The latest round of robber barons are engaged in full-throttle PR campaigns to convince the public that “they love what they do.” It’s one of the most common statements thrown around in the increasingly cushy human-interest pieces we have to digest on these guys. Statements like “I’ve never worked a day in my life,” “I’m so passionate about doing deals,” and “It’s just a strap-on,” flow incessantly from these modern day martyrs. Did anyone read the (it seemed longer than) 10,000 word piece on Zuckerman in the New Yorker? I was convinced Western Civ hinged on this guy’s recycled jokes after a while.
Wall Street Journal’s Wealth Report probes the billionaire mantra with a bit of skepticism, culminating in the asshatdom of Ken Griffin. From the Wealth Report:
Ken Griffin, the “passionate” hedge fund manager makes a telling remark in the Times article. When he’s asked about raising taxes on the rich, Mr. Griffin says that if his taxes are raised, he would lose some of his incentive and ” I would not be working this hard” So what is really motivating today’s rich? The passion or the money?
We know you can never completely dissociate a job from what it gets you in society, and we’re sure there are a lot of people who genuinely like finance. Judging the extent of how “passionate” a financial professional is, however, is a valid question. No one makes as much $$, so no other field is as conspicuously tied to its positive socioeconomic effects as finance.
We used to get into the debate in the bullpen over whether we’d be doing something other than finance if it paid as well, or was treated like banking during the critical end of college crossroads (you remember, that point at which, at least in some colleges, they make it seem like if you don’t get a finance job, you’ve lost at life and should consider prompt alternatives to existing).
Is a “passion for corporate finance” as self-delusional of a notion as the harshest cynic would suggest, or are most finance types actually passionate about what they do? If you could be a teacher and make as much as an investment banker, would you be a teacher? Likewise if a banker made a teacher’s salary, would you still be a banker?
Our own theory is that the self-proclaimed passion for finance is (mostly) derivative. How many college seniors are elbowing each other trying to study markets in academia opposed to going to that Goldman informational presentation? The “passion” springs from a competitive desire to “win,” judged by society’s current scorecard, which is $$$. People are competitive, everyone has a different utility curve, winning has its benefits, and the risk/reward profile works out for some such that a couple years (or 20) of agony are more than worth it.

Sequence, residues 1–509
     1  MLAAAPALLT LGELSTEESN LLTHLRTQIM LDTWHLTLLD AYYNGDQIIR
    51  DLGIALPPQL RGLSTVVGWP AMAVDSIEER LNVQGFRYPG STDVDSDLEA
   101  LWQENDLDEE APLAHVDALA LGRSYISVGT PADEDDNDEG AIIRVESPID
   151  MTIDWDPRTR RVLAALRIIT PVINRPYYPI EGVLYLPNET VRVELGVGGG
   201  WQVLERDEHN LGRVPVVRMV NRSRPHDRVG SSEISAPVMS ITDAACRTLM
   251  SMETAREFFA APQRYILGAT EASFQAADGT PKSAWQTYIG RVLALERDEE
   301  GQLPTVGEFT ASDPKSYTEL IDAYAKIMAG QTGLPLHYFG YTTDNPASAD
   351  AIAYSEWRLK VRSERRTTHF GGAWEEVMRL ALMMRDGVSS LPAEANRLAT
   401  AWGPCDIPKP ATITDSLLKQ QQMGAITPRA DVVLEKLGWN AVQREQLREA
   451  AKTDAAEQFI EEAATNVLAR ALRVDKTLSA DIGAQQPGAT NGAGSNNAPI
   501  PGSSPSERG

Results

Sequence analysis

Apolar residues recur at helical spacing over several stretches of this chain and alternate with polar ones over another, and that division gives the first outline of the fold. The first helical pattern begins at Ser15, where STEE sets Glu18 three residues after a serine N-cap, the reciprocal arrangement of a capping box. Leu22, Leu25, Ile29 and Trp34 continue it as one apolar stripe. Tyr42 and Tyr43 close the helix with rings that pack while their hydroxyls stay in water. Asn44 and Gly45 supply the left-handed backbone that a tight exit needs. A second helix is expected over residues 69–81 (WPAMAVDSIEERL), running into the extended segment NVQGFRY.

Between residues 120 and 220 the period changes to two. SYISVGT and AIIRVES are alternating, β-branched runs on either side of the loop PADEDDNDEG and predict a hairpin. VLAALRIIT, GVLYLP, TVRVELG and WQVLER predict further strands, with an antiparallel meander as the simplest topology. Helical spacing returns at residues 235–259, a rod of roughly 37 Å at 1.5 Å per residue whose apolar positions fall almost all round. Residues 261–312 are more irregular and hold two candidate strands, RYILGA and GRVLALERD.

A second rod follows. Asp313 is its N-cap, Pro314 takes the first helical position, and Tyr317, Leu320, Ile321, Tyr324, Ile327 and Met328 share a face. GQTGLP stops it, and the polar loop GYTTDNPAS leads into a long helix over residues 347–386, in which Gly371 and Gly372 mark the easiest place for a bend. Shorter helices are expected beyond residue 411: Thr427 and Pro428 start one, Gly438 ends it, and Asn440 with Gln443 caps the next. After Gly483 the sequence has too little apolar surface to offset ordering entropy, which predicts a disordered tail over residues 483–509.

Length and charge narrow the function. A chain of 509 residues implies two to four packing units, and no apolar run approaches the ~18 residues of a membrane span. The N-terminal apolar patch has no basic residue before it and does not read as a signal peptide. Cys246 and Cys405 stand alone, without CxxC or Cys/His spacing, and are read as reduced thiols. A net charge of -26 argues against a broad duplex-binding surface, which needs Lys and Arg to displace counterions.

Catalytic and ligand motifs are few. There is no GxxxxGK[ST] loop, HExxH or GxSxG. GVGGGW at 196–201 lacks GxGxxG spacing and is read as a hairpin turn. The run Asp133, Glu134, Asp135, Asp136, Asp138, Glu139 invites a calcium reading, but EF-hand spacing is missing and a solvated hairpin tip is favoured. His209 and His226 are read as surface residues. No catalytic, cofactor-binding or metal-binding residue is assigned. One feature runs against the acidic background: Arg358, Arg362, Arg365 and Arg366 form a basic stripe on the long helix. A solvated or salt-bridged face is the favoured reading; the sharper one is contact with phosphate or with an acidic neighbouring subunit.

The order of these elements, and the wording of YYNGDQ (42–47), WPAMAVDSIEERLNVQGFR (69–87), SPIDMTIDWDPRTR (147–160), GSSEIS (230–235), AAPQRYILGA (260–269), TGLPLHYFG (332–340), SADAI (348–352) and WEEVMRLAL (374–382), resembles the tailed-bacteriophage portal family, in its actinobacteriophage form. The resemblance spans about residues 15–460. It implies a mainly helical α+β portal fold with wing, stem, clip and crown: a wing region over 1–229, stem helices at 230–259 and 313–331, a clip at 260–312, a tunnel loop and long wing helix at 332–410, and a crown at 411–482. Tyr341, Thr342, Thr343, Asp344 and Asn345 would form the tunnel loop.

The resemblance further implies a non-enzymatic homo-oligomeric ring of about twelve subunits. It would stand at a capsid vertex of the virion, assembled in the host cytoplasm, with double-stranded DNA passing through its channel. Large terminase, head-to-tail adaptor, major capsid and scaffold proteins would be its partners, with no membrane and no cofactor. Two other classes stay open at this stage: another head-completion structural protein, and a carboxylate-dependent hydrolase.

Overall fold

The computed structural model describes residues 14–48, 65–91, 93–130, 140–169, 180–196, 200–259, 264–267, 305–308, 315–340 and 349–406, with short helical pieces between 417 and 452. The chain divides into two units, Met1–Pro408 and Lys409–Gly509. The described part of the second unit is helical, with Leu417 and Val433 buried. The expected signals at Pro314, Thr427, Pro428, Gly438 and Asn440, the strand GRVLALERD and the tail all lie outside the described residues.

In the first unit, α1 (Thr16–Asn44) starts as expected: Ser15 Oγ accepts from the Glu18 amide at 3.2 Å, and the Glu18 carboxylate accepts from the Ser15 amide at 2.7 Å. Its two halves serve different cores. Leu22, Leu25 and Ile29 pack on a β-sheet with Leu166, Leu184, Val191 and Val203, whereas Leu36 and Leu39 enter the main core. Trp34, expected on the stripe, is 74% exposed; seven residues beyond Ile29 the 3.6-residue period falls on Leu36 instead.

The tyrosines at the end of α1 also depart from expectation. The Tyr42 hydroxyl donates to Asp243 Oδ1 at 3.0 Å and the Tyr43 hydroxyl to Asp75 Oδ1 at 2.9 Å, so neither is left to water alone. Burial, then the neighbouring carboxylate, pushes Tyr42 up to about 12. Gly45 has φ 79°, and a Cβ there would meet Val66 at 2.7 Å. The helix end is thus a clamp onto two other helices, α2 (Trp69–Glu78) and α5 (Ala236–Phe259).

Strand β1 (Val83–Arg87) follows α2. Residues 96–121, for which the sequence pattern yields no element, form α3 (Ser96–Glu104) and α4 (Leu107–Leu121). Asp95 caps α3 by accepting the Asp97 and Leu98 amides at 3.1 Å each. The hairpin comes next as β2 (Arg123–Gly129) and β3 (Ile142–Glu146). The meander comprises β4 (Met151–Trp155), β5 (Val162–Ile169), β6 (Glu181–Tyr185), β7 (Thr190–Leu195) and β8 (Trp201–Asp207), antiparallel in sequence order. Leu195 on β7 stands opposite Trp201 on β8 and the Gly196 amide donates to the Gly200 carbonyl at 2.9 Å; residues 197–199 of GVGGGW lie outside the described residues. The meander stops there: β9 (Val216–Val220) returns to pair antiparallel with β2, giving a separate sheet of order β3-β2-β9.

Here is DealBreaker’s effort to engage in some Rawlsian exercise in career choice: what career would you choose under a veil of ignorance as to that career’s effects on your status and bank account? Let’s hear those Kindergarten pipe dreams, people, and answer the following poll:
Money Magazine wants you to marry up, which is why it provides you with a primer on how to marry a billionaire in its latest issue. Some helpful tips, setting the women’s movement back a few decades:
– Lower your sights: People with a mere 8 figures often end up with 9
– Don’t forget the kids: Your sugar daddy can have a sugar daddy
– Get an M.B.A.: Competition to be the hot assistant is intensifying
– Show off your brain…or make consumption your career: Clearly both euphemisms for “boobs”
– Move close to where they live: Really, and I thought billionaires married their pen pals
– Get thee to a gallery: Manet’s Olympia was thought to be nothing more than a common whore, now her net worth is through the roof
– Show them the Monet: Fashion an outfit out of water lillies, it gives you that Brooke Shields in “Blue Lagoon” hotness
– Look for good benefits: Because every idealistic humanitarian looks like Jennifer Connelly, not Melinda Gates
– Cultivate dowagers: Read the New York Social Diary calendar, live the inanity
– Become a charity yourself: Fucking for HIV awareness
– Hire a professional: Meet my friends Candi and Squirtz
– Be a class act: No one likes a project, except Richard Gere
– Be into what he’s into: Capital structure arbitrage, squash, felching
Take the helpful Money Magazine quiz to see if you have what it takes to marry a billionaire after the jump! How to marry a billionaire [Money via CNN Money via Money Money Money Money]
It turns out you don’t have to be a real estate billionaire’s offspring to get a sense of Ivanka Trump’s huge (and artificial?) tracts of land. Jared Kushner, fellow member of the “Daddy’s a Real Estate Billionaire” club and vaguely heterosexual courter of Ivanka, succumbed to Yahoo’s Indecent Proposal and is letting the winner of the Yahoo Search Marketing Ultimate Connection contest go on an “executive meeting” with his non-girlfriend.
All you need to do is write three 500 word essays (start honing those “unique journey of self-discovery” narratives now) and send them to Yahoo by tomorrow by midnight, and have your guidance counselor fax your transcript.
If your business is small enough (under 99 employees) and wants to team up with the marketing wizards behind Yahoo’s recent surge (closest comparable – the Titanic), enter today. Other prizes include: